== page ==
having resolved to stop pay- tors, but declined to benefit 1817.
ARBOUIN he had done, and had sent ex- Where a trader, knowing
HANBURY press to stop the bills, and himself to be insolvent, called
and Another would return them; and; three upon his creditor, and informdays after, committed an act ed him of it, and the creditor of bankruptcy: after which, he thereupon said that he must be returned to the defendant all paid his debt, which was accord. the bills (except one which ingly done, and the trader had been discounted) and also immediately afterwards betwo bank notes, part of the came a bankrupt; this transproceeds of such discount; the action was held to be void. defendant delivered back the The Court of C. P. very justly security, and afterwards a concluding, that the circumcommission issued against the stance of the trader calling trader, and the and the assignees
upon his creditor, and disclosbrought an action of trover ing to him his situation, and against the defendant for the then acceding to his request of bill and bank notes: It was
strong held in this case, by K. B. that grounds to infer a fraudulent the defendant was entitled to preference. Singleton v. Howretain them, as the bills were ell, 2 Bos. and Pull. 283. originally obtained under a In this case, indeed, it was false pretence of giving a good evident, that a preference was security; and, under such cir- intended by the trader; and cumstances, a court of equity the demand of the creditor was would order the property to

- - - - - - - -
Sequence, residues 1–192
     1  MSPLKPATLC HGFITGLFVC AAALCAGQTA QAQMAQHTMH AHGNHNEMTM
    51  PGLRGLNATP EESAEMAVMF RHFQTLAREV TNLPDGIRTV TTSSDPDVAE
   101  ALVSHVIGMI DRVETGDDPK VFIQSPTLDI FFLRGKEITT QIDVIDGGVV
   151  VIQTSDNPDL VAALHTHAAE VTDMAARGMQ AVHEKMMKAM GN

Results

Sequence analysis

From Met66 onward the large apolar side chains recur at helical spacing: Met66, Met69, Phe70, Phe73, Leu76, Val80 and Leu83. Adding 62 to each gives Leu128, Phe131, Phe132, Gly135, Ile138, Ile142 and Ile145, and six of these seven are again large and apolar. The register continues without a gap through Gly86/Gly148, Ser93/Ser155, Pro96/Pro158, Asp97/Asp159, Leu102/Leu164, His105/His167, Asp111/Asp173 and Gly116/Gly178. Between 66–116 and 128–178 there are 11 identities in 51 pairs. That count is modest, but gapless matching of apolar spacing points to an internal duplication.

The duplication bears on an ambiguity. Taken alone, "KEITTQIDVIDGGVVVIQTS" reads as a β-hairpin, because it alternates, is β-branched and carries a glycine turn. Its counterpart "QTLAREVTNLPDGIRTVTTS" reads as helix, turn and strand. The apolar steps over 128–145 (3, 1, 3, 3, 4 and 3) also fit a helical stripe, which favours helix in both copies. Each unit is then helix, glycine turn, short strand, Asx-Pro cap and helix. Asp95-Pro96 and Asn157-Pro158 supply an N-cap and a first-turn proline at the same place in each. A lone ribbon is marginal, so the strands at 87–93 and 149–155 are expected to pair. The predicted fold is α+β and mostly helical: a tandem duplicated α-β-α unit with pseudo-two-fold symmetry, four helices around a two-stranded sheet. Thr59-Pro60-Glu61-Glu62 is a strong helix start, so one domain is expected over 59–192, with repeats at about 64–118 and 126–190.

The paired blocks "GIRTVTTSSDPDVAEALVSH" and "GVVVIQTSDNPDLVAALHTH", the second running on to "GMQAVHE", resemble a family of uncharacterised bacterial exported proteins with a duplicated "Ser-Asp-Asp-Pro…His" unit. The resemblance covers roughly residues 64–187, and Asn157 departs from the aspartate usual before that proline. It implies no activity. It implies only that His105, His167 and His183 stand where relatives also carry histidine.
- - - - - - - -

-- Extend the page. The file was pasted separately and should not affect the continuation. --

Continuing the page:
a mere pretext in order to be restored; and, therefore, it make out the circumstance of would be useless for a court compulsion. of law to permit that to be re
2. But where a trader gives covered which could not be such a preference under # retained. Gladstone v. Had. threat or apprehension of legal wen, 1 M. and S. 517. The process, civil or criminal, or distinction of this case from from the pressure and importhe former is evident. The tuuity of his creditors, or ik trader only returned what he any case which derogates from had no right to possess. He his free will, and does not did not amend his own fraud justify the suspicion of colluat the expence of the credi- sion; in such case, the trans
1817. action is valid; the law, hold. And though the defendant in